Dr. Clay Wang is a Professor at the USC School of Pharmacy, and the Chair of the Department of Pharmacology and Pharmaceutical Sciences. He also holds a joint appointment in the Department of Chemistry of the Dornsife College of Letters, Arts and Sciences and serves on the executive board of the USC Academic Senate.
Dr. Wang received his B.A. in chemistry from Harvard University in 1996 and a Ph.D in chemistry from the California Institute of Technology in 2001. After completing a two- year, postdoctoral fellowship in chemistry and chemical engineering at Stanford University, he joined the faculty in the Department of Pharmaceutical Sciences at USC School of Pharmacy as an Assistant Professor in 2003.
His research program focuses on the interface of chemistry and biological sciences. Specifically he is exploring the mechanism of natural product biosynthesis in bacteria and fungi. His lab has been studying the use of Aspergillus nidulans as a general host for the production of fungal natural products. The lab is supported from a variety of sources including National Institute of Allergy and Infectious Diseases (NIAID), National Institute of General Medicine (NIGMS), American Cancer Society, National Science Foundation (NSF), Department of Energy (DOE), Department of Defense (DOD), Joint Genome Institute (JGI), NASA, and ISS-CASIS.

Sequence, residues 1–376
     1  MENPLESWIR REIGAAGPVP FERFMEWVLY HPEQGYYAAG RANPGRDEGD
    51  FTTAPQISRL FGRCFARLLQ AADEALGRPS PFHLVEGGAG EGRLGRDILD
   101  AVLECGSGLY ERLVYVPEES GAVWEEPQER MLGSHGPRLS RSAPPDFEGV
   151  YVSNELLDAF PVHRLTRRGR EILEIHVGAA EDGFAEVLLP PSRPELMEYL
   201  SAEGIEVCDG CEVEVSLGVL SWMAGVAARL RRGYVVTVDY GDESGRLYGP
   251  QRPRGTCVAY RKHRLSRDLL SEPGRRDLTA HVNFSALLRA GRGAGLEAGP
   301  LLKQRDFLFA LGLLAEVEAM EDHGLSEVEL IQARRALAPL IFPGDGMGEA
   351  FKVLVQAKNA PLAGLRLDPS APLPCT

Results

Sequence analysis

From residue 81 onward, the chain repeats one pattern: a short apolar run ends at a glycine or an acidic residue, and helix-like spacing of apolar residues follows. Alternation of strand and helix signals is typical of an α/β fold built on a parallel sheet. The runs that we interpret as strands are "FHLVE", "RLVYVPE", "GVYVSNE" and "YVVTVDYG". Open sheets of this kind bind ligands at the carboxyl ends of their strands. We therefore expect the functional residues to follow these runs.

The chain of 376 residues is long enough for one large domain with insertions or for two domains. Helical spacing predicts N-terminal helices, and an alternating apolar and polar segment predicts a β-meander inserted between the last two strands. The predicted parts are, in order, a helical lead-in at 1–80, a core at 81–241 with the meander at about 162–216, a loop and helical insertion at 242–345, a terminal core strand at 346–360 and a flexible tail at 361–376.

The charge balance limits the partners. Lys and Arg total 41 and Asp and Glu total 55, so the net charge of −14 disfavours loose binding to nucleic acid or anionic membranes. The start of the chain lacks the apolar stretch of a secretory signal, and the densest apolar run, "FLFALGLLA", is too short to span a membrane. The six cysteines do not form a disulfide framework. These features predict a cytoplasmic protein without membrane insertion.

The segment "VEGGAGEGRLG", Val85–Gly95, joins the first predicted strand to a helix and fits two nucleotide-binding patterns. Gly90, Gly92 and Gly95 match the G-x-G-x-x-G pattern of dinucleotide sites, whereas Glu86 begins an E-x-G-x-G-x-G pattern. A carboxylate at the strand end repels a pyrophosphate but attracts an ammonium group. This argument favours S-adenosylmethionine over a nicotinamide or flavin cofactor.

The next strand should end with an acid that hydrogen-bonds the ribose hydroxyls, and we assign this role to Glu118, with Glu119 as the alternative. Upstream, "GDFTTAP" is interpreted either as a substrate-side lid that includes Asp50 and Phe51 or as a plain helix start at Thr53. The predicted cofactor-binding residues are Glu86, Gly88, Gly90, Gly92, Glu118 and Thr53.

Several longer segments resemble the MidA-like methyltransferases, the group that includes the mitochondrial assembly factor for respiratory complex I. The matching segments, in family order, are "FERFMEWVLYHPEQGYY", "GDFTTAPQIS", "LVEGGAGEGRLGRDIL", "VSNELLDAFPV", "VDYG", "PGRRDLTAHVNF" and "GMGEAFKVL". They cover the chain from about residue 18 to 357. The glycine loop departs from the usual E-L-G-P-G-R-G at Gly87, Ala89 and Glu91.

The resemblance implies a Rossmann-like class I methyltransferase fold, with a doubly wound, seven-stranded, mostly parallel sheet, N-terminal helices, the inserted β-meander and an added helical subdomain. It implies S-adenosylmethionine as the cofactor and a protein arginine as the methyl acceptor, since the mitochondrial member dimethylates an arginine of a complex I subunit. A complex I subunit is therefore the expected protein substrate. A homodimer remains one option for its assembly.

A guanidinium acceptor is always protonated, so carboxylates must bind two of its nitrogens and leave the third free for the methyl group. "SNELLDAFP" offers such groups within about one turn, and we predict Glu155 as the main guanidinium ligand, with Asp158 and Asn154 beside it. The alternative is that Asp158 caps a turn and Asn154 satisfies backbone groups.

Areas of Expertise (6)
Gene Regulation of Fungal Secondary Metabolism
Fungal and Bacterial Genomes
Natural Products Drug Discovery
Stanford University: Postdoctoral Research Fellowship 2003
California Institute of Technology: Ph.D., Chemistry 2002
Harvard University: A.B., Chemistry 1996
- USC Academic Senate : Executive Board
Selected Media Appearances (3)
Scientists are sending fungi into space in the hope of developing new medicines
Los Angeles Times online